Fuel poverty gap
1. Main facts and figures
in the 2 years to March 2021, the average fuel poverty gap (the reduction in fuel bills needed to take a household out of fuel poverty) was 36% higher than for ethnic minority households at £171 for ethnic minority households, and £233 for white households
in every period covered by the data, white households had a bigger average fuel poverty gap than ethnic minority households
the difference in the fuel poverty gap between white and ethnic minority households was at its highest in the 2 years to March 2011 (£69) and lowest in the 2 years to March 2017 (£32)
2. Things you need to know
What the data measures
The data measures the fuel poverty gap for households in England.
The fuel poverty gap is the reduction in fuel costs needed for a household to not be in fuel poverty. This is either the change in required fuel costs associated with increasing the energy efficiency of a fuel poor household to a Fuel Poverty Energy Efficiency Rating (FPEER) of at least 69 (band C threshold) or reducing the costs sufficiently to meet the income threshold.
The information relates to households of either one person or a group of people sharing cooking facilities and a living room or dining area. It must be their main or only home.
The fuel poverty gap is rounded to the nearest whole pound but has been worked out using unrounded numbers.
You can also see data on the percentage of households in fuel poverty.
Not included in the data
Estimates based on fewer than 30 households have not been included. This is because it is harder to make reliable generalisations from smaller numbers of survey respondents.
The ethnic groups used in the data
Data is shown for 2 ethnic groups:
- white – white ethnic groups (including white British and white ethnic minorities)
- other – all other ethnic minorities
This is because the number of people surveyed was too small to make any reliable conclusions about any of the 18 ethnic groups or 5 aggregated groups.
Each household’s ethnic group is the ethnicity of the ‘household reference person’ (usually the person responsible for paying the rent or mortgage). There may be people of different ethnicities in the same household.
Read the detailed methodology document for the data on this page.
Household fuel costs and income have been adjusted to take into account differences in the numbers and ages of people living in them.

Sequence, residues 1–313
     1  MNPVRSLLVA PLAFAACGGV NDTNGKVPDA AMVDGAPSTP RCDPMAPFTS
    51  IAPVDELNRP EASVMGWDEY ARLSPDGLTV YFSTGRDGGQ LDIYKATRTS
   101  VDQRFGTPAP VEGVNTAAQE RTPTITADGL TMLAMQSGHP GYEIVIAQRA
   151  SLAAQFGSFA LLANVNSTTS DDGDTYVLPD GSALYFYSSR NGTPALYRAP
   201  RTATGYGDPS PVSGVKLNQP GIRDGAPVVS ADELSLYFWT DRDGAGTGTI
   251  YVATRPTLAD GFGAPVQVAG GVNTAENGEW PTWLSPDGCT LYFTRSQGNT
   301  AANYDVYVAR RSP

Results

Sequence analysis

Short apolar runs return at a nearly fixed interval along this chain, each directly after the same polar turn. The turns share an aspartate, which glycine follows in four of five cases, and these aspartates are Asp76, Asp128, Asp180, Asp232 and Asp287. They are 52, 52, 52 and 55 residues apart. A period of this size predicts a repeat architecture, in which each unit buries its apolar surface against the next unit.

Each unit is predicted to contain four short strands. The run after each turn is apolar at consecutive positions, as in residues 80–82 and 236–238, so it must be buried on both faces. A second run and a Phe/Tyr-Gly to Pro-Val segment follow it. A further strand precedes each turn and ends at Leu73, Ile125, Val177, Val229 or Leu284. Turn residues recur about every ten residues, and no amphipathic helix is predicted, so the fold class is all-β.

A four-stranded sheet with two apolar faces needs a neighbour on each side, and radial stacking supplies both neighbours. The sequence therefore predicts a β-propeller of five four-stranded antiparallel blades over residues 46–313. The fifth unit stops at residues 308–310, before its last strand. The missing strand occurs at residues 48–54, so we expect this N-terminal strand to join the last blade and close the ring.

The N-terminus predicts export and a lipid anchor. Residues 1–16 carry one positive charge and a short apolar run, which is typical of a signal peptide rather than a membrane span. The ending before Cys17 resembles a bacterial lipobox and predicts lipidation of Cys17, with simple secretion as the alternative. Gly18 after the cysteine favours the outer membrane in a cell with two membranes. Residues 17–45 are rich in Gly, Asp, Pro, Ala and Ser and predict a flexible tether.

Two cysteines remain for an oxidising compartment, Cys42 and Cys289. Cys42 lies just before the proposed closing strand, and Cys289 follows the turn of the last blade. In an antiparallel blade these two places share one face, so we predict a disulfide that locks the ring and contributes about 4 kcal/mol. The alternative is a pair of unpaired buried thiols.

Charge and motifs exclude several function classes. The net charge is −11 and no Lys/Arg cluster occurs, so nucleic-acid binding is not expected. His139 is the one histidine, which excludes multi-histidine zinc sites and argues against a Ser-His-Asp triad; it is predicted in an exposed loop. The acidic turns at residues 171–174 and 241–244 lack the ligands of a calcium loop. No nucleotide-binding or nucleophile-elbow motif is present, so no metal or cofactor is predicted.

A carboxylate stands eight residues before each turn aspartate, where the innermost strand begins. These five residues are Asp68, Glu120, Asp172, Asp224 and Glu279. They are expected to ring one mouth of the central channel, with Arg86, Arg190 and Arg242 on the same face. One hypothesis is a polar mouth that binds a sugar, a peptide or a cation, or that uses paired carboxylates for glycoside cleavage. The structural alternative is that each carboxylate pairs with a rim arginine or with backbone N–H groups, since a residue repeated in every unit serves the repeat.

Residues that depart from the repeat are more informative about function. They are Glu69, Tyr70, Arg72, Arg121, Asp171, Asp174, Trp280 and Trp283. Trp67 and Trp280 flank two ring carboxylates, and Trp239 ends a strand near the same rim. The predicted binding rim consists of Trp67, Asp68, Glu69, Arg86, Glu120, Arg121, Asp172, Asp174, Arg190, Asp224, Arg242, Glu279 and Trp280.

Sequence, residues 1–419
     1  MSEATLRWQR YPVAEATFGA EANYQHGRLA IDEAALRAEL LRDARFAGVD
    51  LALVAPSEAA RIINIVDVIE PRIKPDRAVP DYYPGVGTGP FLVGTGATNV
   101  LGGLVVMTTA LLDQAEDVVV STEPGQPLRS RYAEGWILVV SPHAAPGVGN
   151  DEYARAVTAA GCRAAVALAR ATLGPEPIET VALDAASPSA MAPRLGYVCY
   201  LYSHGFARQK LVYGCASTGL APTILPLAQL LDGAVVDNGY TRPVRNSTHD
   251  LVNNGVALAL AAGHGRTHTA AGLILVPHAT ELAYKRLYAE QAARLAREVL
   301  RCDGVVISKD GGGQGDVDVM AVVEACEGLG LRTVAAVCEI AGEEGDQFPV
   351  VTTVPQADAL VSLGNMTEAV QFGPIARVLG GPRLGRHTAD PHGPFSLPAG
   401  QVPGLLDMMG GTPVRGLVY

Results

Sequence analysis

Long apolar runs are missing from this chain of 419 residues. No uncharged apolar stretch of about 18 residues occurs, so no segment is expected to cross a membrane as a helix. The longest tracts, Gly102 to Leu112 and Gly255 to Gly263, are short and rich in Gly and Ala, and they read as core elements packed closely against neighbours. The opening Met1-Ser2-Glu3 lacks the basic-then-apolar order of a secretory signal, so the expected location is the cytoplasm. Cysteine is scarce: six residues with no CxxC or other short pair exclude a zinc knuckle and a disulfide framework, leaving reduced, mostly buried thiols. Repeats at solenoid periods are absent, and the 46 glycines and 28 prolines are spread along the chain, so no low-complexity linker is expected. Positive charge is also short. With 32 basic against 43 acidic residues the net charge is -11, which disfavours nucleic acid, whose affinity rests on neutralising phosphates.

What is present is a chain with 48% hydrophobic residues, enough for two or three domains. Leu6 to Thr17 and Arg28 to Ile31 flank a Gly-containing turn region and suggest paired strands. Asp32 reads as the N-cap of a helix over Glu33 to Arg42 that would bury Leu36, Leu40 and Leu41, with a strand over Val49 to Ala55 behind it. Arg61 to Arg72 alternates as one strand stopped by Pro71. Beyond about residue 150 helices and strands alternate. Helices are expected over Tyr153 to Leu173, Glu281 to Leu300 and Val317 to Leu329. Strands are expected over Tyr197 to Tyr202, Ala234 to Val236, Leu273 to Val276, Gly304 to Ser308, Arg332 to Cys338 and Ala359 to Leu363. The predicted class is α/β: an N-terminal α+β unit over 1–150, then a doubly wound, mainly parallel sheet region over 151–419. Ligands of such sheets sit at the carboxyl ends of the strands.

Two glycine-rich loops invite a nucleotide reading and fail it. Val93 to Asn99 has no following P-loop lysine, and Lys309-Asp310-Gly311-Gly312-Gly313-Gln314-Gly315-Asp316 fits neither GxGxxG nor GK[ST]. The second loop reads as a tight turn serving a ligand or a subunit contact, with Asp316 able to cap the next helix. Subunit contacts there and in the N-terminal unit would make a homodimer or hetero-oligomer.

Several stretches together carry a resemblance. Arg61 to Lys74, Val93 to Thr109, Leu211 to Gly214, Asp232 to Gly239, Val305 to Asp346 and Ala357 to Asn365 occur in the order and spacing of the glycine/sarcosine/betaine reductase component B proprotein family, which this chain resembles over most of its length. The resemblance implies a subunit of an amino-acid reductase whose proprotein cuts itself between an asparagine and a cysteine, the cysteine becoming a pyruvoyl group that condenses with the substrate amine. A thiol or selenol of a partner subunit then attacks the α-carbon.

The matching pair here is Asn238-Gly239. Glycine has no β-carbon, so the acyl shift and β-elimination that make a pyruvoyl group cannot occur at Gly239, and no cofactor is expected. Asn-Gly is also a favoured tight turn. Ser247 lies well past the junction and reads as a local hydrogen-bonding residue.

The data is an average for 2 years, for example from April 2018 and March 2020. This is to make sure there are enough households to be able to make reliable generalisations. You can read more about combining multiple years of data and some of the issues involved.
The figures on this page are based on survey data. Find out more about:
interpreting survey data, including how reliability is affected by the number of people surveyed
how weighting is used to make survey data more representative of the whole group being studied
3. By ethnicity over time
|Year||White||Other than White|
Download table data for ‘By ethnicity over time’ (CSV) Source data for ‘By ethnicity over time’ (CSV)
Summary of Fuel poverty gap By ethnicity over time Summary
The data shows that:
in the 2 years to March 2021, the average fuel poverty gap (the reduction in fuel bills needed to take a household out of fuel poverty) for all households was £223
in the same period, the average fuel poverty gap for white households (£233) was 36% higher than for ethnic minority households (£171)
in every period covered, white households had a bigger average fuel poverty gap than ethnic minority households
the difference in the fuel poverty gap between White and ethnic minority households was at its highest in the 2 years to March 2011 (£69) and lowest in the 2 years to March 2017 (£32)
4. Data sources
Type of data
Type of statistic
Department for Business, Energy & Industrial Strategy
Purpose of data source
The main purpose of the annual fuel poverty statistics is to:
- monitor progress against fuel poverty targets
- track the percentage of households in fuel poverty and their fuel poverty gap
The government’s fuel poverty target for England is to ensure that as many fuel-poor households as possible achieve a minimum energy efficiency rating of Band C by 2030 (with interim targets of Band E by 2020, and Band D by 2025).
Household energy efficiency ratings go from G (lowest) to A (highest). Energy efficiency is measured using the fuel poverty energy efficiency rating.
5. Download the data
This files contains the following variables: Measure, Ethnic_group, Time_period, Value, Value_type, Numerator, Denominator